The New York Times’ Andrew Roth on protests in Chechnya: “Tens of thousands of people marched on Monday through Grozny, the capital of the mainly Muslim Chechnya region of Russia, in a conservative retort to the mass demonstrations in France this month expressing solidarity with the victims of the terror attacks in Paris.” More here.
Reuters’s Richard Balmforth on the fight for an airport in the east: “Ukrainian officials said three soldiers had been killed and 66 wounded over the past 24 hours, during which they said they had returned battle lines at the airport outside Donetsk to the status quo under a much violated international peace plan.” More here.
Writing for the Diplomat, Nadège Rolland on what the conflict in Ukraine means for Asia: “From an Asian perspective, the Ukraine crisis poses the question of the future of U.S. engagement in Asia, a question crucial both to U.S. allies and to other regional countries.” More here.
Al Arabiya on fighting in Yemen: “Heavily armed Houthi rebels surrounded Yemeni Prime Minister Khalid Bahah at his Sanaa residence late Monday, hours after he escaped a shooting attack on his convoy, government spokesman Rajih Badi said.” More here.
NBC News on U.S. embassy staff in Sanaa: “U.S. officials told NBC News late Monday that they don’t plan to evacuate the American embassy in Yemen’s capital, where government soldiers and Shiite rebels fought near the presidential palace and a military before agreeing to a cease-fire.” More here.
The Guardian’s James Ball on the surveillance of reporters: “GCHQ’s bulk surveillance of electronic communications has scooped up emails to and from journalists working for some of the US and UK’s largest media organisations.” More here.
Politico’s Tal Kopan on unprepared staffers on Capitol Hill: “[I]nterviews with nearly a dozen current and former staffers, as well as congressional IT security staff, reveal a typical array of poor cyber habits.” More here.
Reuters reports China denies hacking plans for the F-35 fighter jet. More here.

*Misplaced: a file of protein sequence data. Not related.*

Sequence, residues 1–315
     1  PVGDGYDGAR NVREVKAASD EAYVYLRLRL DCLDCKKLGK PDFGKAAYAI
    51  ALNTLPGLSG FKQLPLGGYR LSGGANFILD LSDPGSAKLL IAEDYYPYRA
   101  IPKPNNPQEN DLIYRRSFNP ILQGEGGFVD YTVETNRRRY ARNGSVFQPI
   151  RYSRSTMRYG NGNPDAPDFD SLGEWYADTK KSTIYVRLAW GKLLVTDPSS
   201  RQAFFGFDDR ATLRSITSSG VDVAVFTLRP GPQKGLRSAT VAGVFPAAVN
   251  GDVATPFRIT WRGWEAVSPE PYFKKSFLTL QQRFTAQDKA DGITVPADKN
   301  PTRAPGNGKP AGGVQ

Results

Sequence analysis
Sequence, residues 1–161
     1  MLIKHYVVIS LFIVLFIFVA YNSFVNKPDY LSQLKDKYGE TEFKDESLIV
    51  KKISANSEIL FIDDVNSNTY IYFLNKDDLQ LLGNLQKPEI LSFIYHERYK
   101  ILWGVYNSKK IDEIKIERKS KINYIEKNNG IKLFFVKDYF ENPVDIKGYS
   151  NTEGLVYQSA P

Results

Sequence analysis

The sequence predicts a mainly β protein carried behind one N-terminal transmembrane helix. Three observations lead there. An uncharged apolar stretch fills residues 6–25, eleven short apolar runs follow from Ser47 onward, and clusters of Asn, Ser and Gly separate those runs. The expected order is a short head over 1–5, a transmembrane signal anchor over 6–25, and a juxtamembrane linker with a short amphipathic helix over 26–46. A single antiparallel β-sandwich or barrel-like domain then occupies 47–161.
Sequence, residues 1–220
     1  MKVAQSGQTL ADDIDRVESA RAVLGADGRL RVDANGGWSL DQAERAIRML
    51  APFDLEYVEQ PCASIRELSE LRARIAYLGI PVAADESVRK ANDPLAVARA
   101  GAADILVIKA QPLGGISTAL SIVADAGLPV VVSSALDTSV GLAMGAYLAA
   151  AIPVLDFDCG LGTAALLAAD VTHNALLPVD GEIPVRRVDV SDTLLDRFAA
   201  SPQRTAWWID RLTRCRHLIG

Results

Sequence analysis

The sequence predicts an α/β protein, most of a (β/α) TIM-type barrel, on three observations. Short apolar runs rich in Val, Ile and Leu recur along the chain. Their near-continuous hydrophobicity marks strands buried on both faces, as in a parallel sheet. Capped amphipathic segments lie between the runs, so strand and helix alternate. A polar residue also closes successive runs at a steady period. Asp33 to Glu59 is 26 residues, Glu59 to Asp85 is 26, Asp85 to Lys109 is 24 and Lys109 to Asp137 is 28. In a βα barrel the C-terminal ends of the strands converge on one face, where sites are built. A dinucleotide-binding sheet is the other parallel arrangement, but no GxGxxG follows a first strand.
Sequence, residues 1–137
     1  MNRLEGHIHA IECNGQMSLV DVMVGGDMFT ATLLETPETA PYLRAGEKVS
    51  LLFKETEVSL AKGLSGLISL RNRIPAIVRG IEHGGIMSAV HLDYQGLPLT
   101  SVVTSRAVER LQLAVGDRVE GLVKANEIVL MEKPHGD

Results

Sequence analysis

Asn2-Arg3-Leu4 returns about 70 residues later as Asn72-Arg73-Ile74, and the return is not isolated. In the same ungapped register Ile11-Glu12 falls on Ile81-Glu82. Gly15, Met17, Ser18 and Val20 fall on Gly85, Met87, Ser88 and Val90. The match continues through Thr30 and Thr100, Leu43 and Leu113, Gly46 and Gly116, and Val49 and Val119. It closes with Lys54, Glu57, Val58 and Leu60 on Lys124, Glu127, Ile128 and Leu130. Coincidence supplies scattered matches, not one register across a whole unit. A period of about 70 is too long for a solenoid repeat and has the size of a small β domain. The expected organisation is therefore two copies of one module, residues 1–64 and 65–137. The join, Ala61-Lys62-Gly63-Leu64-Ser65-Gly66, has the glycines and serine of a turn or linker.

AFP on a push at the U.N.: “The UN Security Council urged central African countries on Monday to step up plans for a multinational force to fight Boko Haram, in its first overall response to the threat posed by the Nigerian jihadists.” More here.
The Wall Street Journal’s Emmanuel Tumanjong with a small piece of good news: “Cameroon’s military said it had freed 24 of the 80 people kidnapped by Boko Haram fighters over the weekend.” More here.
The New York Times’ Randal C. Archibold on a missed opportunity in Havana: “A delegation of members of Congress … concluded a three-day visit here on Monday with optimism over trade deals but without an anticipated meeting with President Raúl Castro.” More here.
Reuters on U.S. plans to lift travel restrictions: “The United States will try to convince Cuba to lift travel restrictions and upgrade its interest section to an embassy during historic talks in Havana this week, a senior State Department official said on Monday.” More here.
Afghanistan and Pakistan
The Army Times’ Michelle Tan raises the possibility of an extended stay: “As the Afghan National Security Forces prepare for another tough fighting season, the top U.S. commander in Afghanistan said he could still recommend extending the mission and keeping more U.S. troops in country.” More here.
The Times of India on a U.S. request: “The US and UK have asked Pakistan to hand over Zakiur Rehman Lakhvi, the mastermind of the 2008 Mumbai attacks, to India to improve bilateral ties or to them for his ‘independent trial.’” More here.
The Wall Street Journal’s Syed Shoaib Hasan on fears after the Peshawar school attack: “Lawyers say the government has done little to remove one of the most formidable obstacles that prevents the successful prosecution of terror suspects in regular courts: The routine intimidation of prosecutors.” More here.
Reuters on new fighting at Libya’s largest oil port: “Two opposing governments — the internationally recognized authorities in the east and rivals who have seized the capital Tripoli — are fighting for control of the country.” More here.
And finally, FP’s Elias Groll interviews the person behind “Je Suis Charlie.” “Joachim Roncin, the art director of the Paris magazine Stylist, was attending an editorial meeting at his office when two masked gunmen attacked the newsroom of Charlie Hebdo, about a 20-minute walk away.” More here.